Discussion: "Some thoughts on asynchronous API design in a post-async/await world"

#1

You can use this thread to discuss the blog post Some thoughts on asynchronous API design in a post-async/await world.

It’s long and a bit out-of-date at this point, but this is ultimately where Trio started!

#2

Being intimidated by asyncio, I’d been thinking of Curio as a self-study project. Last week I found this blog post, …and trio. Good and short name! Splendid ideas!

I don’t know if I’m wrong, but I get the impression that many more than I are intimidated by asyncio and predecessors. Trio would save them, if only they knew.
:wink:

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#3

@njs I’ve been trying to give a deeper read again at your article and it’s still a fun one. With hindsight, coming from 2019’s Trio, it’s really interesting to see how some ideas have evolved!

One thing that I haven’t fully grasped is your definition of causality. I have an intuition of it, but when I tried to explain it to others I failed miserably. It’s clear how f(); g() “respects causality”, but it’s not easy to describe when concurrent code does or does not. My intuition: if the behavior can be described as a sequence of predictably serial events then it’s “respecting causality”. But the exercise is not trivial (to me), and some complex interactions might be hard to try to explain that way. Lack of a formal method means that I fall back to intuition, which can and will be wrong.

Now, this confusion itself is to me the greatest selling point of a language/framework whose building blocks “respect causality” themselves. I would not be able to make something predictable myself as complexity grows beyond trivial, so I rely on something that is structurally more predictable. Kind of like the goto vs structured concurrency idea. But it also means that 1) I don’t have a full understanding of the concepts and 2) I won’t be able to explain how great it is to have tools that approach this problem at the root.

In order to expand my language and ability to talk about it I hoped to use this notion of “causality”, but is there some (more) formal definition to what is causal and what is not? Is there a better colloquial way to discuss it?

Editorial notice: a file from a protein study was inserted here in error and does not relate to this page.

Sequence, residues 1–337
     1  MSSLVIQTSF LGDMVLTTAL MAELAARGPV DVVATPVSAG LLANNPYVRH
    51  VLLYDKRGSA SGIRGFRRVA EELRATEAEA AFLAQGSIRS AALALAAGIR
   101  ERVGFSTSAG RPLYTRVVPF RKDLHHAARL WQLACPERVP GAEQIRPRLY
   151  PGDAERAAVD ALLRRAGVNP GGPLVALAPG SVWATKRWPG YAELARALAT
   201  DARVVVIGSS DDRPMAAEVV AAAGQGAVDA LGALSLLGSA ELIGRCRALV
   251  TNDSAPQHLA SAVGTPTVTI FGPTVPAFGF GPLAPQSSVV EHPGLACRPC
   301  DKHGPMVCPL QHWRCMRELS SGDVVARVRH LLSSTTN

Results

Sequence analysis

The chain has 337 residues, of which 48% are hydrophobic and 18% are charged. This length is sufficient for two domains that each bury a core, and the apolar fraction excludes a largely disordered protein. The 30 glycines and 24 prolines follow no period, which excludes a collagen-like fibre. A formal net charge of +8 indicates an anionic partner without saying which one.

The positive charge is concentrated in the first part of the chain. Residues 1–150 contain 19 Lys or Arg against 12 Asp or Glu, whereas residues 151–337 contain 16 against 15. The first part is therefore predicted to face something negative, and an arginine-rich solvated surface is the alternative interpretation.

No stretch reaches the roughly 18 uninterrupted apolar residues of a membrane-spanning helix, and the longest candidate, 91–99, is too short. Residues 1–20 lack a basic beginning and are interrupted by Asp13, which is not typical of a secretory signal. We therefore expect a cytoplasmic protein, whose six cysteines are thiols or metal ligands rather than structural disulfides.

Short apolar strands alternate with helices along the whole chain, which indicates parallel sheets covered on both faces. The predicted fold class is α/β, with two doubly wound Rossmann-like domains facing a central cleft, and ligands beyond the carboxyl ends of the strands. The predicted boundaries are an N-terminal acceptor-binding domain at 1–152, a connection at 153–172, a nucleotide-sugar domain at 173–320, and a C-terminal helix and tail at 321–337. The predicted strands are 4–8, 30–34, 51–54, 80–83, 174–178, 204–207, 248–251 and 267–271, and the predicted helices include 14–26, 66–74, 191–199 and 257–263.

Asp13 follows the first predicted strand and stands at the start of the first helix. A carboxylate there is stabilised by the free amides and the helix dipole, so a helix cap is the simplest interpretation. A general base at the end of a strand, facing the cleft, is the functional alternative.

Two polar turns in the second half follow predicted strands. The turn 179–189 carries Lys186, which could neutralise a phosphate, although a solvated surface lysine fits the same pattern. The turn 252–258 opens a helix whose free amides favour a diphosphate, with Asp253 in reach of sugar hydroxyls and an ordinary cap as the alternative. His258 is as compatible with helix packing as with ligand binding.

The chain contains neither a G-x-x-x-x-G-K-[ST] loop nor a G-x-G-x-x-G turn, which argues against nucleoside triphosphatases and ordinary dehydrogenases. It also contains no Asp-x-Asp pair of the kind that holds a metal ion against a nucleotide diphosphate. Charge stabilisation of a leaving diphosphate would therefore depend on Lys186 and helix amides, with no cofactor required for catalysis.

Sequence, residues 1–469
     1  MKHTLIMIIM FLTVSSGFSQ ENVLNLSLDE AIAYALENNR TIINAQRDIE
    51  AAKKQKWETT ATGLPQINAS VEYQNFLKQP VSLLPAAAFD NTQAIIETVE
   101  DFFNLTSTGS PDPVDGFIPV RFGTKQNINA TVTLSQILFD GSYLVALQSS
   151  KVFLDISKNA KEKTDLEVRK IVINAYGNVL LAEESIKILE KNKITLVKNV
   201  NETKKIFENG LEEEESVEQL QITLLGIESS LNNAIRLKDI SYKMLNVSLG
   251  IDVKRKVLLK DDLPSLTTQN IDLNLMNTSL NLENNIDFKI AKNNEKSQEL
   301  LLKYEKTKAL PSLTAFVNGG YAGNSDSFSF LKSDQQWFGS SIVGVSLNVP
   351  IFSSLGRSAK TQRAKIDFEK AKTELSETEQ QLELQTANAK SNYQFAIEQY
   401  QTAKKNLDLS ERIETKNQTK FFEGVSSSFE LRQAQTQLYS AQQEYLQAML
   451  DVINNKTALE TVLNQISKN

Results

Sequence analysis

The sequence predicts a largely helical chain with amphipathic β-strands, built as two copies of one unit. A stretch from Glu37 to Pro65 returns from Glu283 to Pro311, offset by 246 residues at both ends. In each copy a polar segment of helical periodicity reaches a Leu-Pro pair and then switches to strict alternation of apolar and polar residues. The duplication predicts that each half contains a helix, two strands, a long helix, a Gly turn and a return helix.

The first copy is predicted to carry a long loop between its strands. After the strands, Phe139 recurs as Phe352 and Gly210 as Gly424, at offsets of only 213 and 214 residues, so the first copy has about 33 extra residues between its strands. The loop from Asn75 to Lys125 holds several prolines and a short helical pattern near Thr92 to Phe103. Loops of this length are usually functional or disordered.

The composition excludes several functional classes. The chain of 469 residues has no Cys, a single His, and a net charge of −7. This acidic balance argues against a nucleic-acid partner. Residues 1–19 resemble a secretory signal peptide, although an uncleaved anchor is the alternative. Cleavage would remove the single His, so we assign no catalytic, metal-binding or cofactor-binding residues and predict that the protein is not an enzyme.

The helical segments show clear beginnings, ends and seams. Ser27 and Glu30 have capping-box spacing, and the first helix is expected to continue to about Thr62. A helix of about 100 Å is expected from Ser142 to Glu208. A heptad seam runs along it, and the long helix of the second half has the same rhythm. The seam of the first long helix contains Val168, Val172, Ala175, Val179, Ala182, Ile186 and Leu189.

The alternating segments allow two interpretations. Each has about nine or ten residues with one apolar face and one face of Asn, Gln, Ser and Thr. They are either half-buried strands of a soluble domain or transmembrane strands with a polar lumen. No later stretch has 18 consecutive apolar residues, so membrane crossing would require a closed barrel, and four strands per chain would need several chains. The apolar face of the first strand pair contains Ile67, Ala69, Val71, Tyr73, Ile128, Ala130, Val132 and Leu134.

#4

I may have commited the sin of using a fancy word when a plain one would do :slight_smile:. All I mean is: suppose f and g are two operations with side-effects. If I write f(); g();, then f's side-effects should all happen before any of g's side-effects. Or in other words: if I write f before g, then f should happen before g :-).

It’s probably easiest to explain with examples:

  • f is “make an edit to a document”, g is “share the document with other people”. Whoops, maybe you just sent the old version of your document, with the embarrassing mistake you thought you already corrected!

  • f is “send this data”, g is “terminate the program”. Whoops, maybe the data is never sent! In fact this works with practically anything in the f slot, which is why it’s so difficult to properly shut down a program using twisted or asyncio.

  • f is “write the new version to disk”, g is “delete the old version”. Doing it in this order guarantees you won’t lose data if the system crashes, right? Well, maybe not, if your system reorders it so g happens first. (Bonus: unless your test suite simulates random power outages, the only way you will discover this bug is because it destroyed production data.)

  • f is “send data to the remote peer”, g is “generate more data to send”. If the peer stops reading, you want to stop generating new data. Twisted/asyncio protocols don’t enforce this, which is why innocent-looking Twisted/asyncio programs are so prone to memory DoS.

Zio (Scala library)